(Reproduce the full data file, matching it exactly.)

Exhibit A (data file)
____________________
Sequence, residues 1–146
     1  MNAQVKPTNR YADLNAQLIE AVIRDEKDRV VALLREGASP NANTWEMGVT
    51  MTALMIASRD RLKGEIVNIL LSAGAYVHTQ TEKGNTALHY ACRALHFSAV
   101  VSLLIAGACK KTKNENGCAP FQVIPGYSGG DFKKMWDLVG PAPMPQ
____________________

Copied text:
Sequence, residues 1–146
     1  MNAQVKPTNR YADLNAQLIE AVIRDEKDRV VALLREGASP NANTWEMGVT
    51  MTALMIASRD RLKGEIVNIL LSAGAYVHTQ TEKGNTALHY ACRALHFSAV
   101  VSLLIAGACK KTKNENGCAP FQVIPGYSGG DFKKMWDLVG PAPMPQ